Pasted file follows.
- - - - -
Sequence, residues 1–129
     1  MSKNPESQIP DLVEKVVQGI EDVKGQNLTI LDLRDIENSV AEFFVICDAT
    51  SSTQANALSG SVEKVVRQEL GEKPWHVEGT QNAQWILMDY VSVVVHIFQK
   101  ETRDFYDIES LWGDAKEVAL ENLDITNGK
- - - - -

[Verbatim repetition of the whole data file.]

Sequence, residues 1–129
     1  MSKNPESQIP DLVEKVVQGI EDVKGQNLTI LDLRDIENSV AEFFVICDAT
    51  SSTQANALSG SVEKVVRQEL GEKPWHVEGT QNAQWILMDY VSVVVHIFQK
   101  ETRDFYDIES LWGDAKEVAL ENLDITNGK